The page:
Another coach back in the early 80‘s taught Coach McVeigh about values in giving judgment. When he was young, Coach McVeigh went to scout another team. Another coach in attendance that night scouting was the legendary Sonny Lane from Wakefield. Coach Lane asked McVeigh what he thought about the game. Trying to impress the legend, he broke down everything he thought – including the work of the two coaches on that night.  McVeigh then asked Coach Lane for his thoughts. Coach Lane broke down his thoughts but never mentioned the coaches. When McVeigh asked Lane about a particular questionable strategy, Coach Lane simply replied that he never talked about other coaches. Lesson learned.

Abandoning a Two-Post System

Next, he mentioned Doug Grutchfield from Fitchburg High School, whom McVeigh claimed was the master of post play. They attended many camps together in the 80’s  and he convinced McVeigh that you didn’t need two post players in your half-court offense. Back then, almost everyone had two post players constantly screening for each other.

Grutch felt that two players in the post was only making things harder for your post players to get quality opportunities since it was easier to help and double. Today, the four out has become common practice in our game – unless you have a 5 out with no post. Grutchfield was an early innovator in this area.

The following season, Coach McVeigh put the four-out system in place. He had had two bigs that could play off of each other by simply relegating which four would go to the perimeter and isolate the post with the fifth player.

Observing Successful College and Professional Coaches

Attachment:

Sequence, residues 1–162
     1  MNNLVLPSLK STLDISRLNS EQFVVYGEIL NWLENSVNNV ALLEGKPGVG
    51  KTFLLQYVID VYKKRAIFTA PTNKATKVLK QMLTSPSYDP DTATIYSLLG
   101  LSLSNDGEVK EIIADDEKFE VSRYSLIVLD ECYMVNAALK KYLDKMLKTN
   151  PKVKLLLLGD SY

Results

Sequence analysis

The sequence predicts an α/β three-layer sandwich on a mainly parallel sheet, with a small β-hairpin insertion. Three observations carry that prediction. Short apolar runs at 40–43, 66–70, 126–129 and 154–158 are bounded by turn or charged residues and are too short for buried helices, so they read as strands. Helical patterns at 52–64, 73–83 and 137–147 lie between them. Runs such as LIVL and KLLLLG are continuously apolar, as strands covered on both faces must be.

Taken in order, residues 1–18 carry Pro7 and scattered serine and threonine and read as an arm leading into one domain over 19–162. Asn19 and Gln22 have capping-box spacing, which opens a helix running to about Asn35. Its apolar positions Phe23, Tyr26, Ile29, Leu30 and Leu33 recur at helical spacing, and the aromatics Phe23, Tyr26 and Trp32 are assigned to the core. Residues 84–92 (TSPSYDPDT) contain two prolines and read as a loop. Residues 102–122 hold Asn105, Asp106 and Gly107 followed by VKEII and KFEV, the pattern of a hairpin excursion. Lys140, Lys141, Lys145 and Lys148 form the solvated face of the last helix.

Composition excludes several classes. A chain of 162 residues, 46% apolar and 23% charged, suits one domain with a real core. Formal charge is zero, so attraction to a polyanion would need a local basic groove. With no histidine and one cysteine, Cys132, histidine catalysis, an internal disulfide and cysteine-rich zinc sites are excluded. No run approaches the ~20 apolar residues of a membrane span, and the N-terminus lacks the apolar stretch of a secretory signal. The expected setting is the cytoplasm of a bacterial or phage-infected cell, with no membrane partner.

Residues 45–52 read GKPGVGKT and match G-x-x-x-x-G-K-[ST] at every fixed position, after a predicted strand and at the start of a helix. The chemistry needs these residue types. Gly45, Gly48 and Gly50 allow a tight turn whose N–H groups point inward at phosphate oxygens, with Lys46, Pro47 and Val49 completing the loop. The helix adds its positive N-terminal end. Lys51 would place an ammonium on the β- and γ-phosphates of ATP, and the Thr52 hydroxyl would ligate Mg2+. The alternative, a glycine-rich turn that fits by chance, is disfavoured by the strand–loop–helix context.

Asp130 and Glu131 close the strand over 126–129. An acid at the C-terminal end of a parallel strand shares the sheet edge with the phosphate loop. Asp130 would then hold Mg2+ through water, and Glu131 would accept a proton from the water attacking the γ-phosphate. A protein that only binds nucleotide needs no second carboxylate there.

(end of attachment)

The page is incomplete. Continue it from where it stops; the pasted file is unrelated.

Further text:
Ironically, as important as it seemed to stay ahead of the curve in trends of basketball, Coach McVeigh cited Red Auerbach’s dribble hand-off. It was old-school, but an effective way to run offense. Auerbach was doing that 40 years before it reappeared as a novel concept in the 80‘s and 90’s. Dr. Jack Ramsey in the 60’s and 70’s also had a huge impact on McVeigh’s overall philosophy. His defensive philosophy and fundamental structure was simple yet complex. Just brilliant. Like so many others coaches, the ideas of guys like Dean Smith, Bobby Knight, and Coach K were part of McVeigh’s overall thinking. It could have offensive thoughts, defensive thoughts, or even the culture of their programs.

Simplifying the Game Plan & Expectations

The last takeaway was what McVeigh learned from his predecessor at North Andover – Bob Licare. Bob was a Hall of Famer, a North Andover legend, and at this point (1985) North Andover’s athletic director. Licare asked McVeigh a crucial question before a tournament game against Boston Latin – the team many considered the favorite to win it all. What was he going to do?

Coach McVeigh excitedly elaborated on what he had in mind. After hearing McVeigh elaborate on controlling the offensive boards and at the same time getting back on defense, Licare pressed on. He asked McVeigh which one was he going to do – crash the offensive glass or get back? As he put it, against good teams, you can’t do everything. One will suffer. Coach McVeigh decided getting back was more important in this game. North Andover managed to slow Latin down, and eventually walked away with a two point win. From that experience on, McVeigh tried to cut down the keys to any game, and do a few things well.

Over the years, he also found out that demanding perfection is ok, but expecting it as a demand could get you in trouble.

“You can’t say to your team we can’t have any turnovers or we can’t give up one offensive rebound or we can’t give up any transition lay-ups. These things are going to happen. People can talk about playing the perfect game all they want, but it just won’t happen. If you game plan this way as soon as the plan goes awry the players will lose confidence in the plan and morale will sink. “

This is Part III on my talk with my former high school coach. Part I dealt with communication and Part II dealt with undervalued ideas